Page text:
Page last updated at 12:51 GMT, Saturday, 22 August 2009 13:51 UK

Gaddafi thanks Brown for release


Megrahi with Libya's leader Colonel Gaddafi

The Libyan leader has thanked Gordon Brown for the release of Lockerbie bomber Abdelbaset Ali al-Megrahi.

Colonel Gadaffi said the UK prime minister had "encouraged" the Scottish Government to take what he called a "courageous" decision.

The Foreign Office has strongly denied claims the decision was linked to a trade deal between the UK and Libya.

Business Secretary Lord Mandelson said the allegation was "wrong, completely implausible and... quite offensive".

Colonel Gaddafi's son, Saif al-Islam, had told Libyan TV Megrahi's case was raised during talks over oil and gas.

Mr Brown has so far made no comment about the release, although it has emerged he wrote to Col Gaddafi to ask that Libya "act with sensitivity" in welcoming Megrahi back to the country.

No deal has been made between the UK government and the Libyan government in relation to Megrahi and any commercial interests
UK Foreign Office

However there were scenes of jubilation at his return, and Col Gaddafi then defied criticism from the UK and the US by meeting Megrahi on Libyan TV. The men were pictured talking and hugging.

The Scottish Government freed the 57-year-old prisoner, who is dying from cancer, on Thursday citing compassionate grounds.

Col Gaddafi praised the Scottish authorities, as well as "my friend" [Mr] Brown, the Queen and Prince Andrew for the role he said they played.

"This step is for the benefit of relations between Britain and Libya, and relations of personal friendship between me and them, and it will certainly be positively reflected in all fields of co-operation between the two countries," the Libyan leader said.

Prove innocence

The UK Foreign Office has insisted the release of Megrahi - convicted of killing 270 people aboard a transatlantic airliner in 1988 - was a matter solely for the Scottish authorities.

Shadow foreign affairs minister, David Liddington, urged the government to be more open about its relationship with Tripoli.

"It is very important, I think, for the reputation of our institutions of justice that it is made clear beyond any doubt that this was not connected with some political trade," he said.

A former British ambassador to Libya, Sir Richard Dalton, called on the British government to be "more forthcoming in support of what the Scots have done".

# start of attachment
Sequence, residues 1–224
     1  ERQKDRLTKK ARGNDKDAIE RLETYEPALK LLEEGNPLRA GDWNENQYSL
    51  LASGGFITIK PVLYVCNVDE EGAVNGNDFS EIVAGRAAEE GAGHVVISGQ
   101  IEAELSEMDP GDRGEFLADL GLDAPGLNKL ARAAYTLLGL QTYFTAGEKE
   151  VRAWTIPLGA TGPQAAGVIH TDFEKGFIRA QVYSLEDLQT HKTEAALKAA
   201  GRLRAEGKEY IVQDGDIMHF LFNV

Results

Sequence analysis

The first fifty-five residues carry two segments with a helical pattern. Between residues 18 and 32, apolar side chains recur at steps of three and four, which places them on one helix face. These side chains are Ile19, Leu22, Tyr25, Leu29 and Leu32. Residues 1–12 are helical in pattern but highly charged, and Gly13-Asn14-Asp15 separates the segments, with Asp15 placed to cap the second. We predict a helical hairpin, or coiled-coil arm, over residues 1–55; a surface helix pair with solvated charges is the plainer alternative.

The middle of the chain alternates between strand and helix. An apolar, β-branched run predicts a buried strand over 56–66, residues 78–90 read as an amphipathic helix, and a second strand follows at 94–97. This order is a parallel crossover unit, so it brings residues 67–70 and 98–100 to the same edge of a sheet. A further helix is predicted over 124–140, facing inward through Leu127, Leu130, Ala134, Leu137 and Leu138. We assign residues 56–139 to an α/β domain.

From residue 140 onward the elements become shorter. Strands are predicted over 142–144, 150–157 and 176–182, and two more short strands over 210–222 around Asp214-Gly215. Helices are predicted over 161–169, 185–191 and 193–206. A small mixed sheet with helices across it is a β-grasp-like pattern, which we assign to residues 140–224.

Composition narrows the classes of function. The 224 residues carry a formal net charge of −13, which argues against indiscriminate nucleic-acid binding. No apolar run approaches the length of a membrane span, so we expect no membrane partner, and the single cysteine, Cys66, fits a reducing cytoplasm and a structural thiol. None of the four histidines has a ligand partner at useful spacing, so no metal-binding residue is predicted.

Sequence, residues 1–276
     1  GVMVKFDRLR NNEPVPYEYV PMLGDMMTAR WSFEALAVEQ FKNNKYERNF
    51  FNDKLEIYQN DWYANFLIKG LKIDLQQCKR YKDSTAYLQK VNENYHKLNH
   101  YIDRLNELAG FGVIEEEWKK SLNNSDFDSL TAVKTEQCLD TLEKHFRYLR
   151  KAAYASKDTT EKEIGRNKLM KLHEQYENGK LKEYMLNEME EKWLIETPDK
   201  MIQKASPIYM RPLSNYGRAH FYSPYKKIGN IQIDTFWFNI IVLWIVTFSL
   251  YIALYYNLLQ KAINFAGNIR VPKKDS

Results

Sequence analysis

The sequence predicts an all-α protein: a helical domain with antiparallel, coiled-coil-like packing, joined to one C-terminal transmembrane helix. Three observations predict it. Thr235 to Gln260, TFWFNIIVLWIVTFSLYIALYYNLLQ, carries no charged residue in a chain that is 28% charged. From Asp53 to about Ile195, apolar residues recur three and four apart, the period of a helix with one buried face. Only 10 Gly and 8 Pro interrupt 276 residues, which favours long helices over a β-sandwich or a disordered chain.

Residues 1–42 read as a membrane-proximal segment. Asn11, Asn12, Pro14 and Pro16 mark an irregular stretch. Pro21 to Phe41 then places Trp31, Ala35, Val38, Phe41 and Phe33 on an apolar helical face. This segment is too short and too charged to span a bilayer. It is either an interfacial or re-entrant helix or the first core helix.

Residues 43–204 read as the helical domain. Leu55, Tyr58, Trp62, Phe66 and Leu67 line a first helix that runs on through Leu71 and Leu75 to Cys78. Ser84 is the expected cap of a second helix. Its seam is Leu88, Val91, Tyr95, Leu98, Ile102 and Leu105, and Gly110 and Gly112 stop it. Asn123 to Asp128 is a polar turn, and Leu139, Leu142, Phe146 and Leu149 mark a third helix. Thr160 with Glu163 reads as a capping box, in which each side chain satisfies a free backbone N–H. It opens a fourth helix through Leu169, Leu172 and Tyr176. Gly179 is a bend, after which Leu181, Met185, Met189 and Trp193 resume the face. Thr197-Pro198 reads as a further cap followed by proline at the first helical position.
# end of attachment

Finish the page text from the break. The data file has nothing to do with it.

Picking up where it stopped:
"There are a number of outstanding questions and silence I don't think is serving the British interest well," he said. "In my view it was not naivety, nor was it opportunism."

'Slur on UK'

In an interview with a Libyan station, Col Gadaffi's son Saif al-Islam called Megrahi's release a "victory", and reportedly claimed that the issue had been raised repeatedly by Britain's former prime minister Tony Blair.

"In all commercial contracts, for oil and gas with Britain, (Megrahi) was always on the negotiating table," Mr Islam told Libya's Al Mutawassit channel.

Mr Blair visited Libya in May 2007, during which UK energy giant BP signed a $900m (£540m) exploration deal.

I never for a minute thought that it was just a question of compassionate release and the humanity and compassion of the Scots
Rosemary Wolfe
Stepmother of bombing victim

But a Foreign Office spokesman said: "No deal has been made between the UK government and the Libyan government in relation to Megrahi and any commercial interests in the country."

UK Foreign Secretary David Miliband had earlier rejected suggestions the UK pushed for Megrahi's release to improve relations as "a slur on both myself and the government".

But Rosemary Wolfe, whose step daughter died in the bombing, said she was not surprised by claims that the release was part of a trade deal with Britain.

She told the BBC: "I never for a minute thought that it was just a question of compassionate release and the humanity and compassion of the Scots.

"What surprises me is that Gaddafi's son would have come out with this kind of a statement."

'Very, very happy'

Col Gadaffi also praised the Scottish Government during his meeting with Megrahi.

He said: "I praise their courage for having proved their independence in decision-making, despite the unacceptable and illogical pressures that opposed them," state media reported.

"But they took this sound, courageous and humane decision."

Meanwhile, Megrahi has told the Times newspaper he intends to present new evidence proving his innocence.

He said he would present the evidence through lawyers in Scotland and ask the British and Scottish communities to "be the jury".

He said he was "very, very happy" to be free.

"This was my hope and wish - to be back with my family before I pass away. I always believed I would come back if justice prevailed."

This won't have any long term affect on relations with the US, but the decision shows a lack of empathy for the families of the murdered, and it will affect them
Gerry Giambattista, Pennsylvania

The bomber's release - and the hero's welcome he was given on return to Libya - provoked anger from many relatives of those who died aboard Pan-Am flight 103, particularly in the US.

President Barack Obama condemned the jubilant scenes at Tripoli airport as "highly objectionable".

The UK foreign secretary described TV footage of people greeting Megrahi by cheering and waving flags as "deeply distressing".

Scottish First Minister Alex Salmond also said the reception was "inappropriate".

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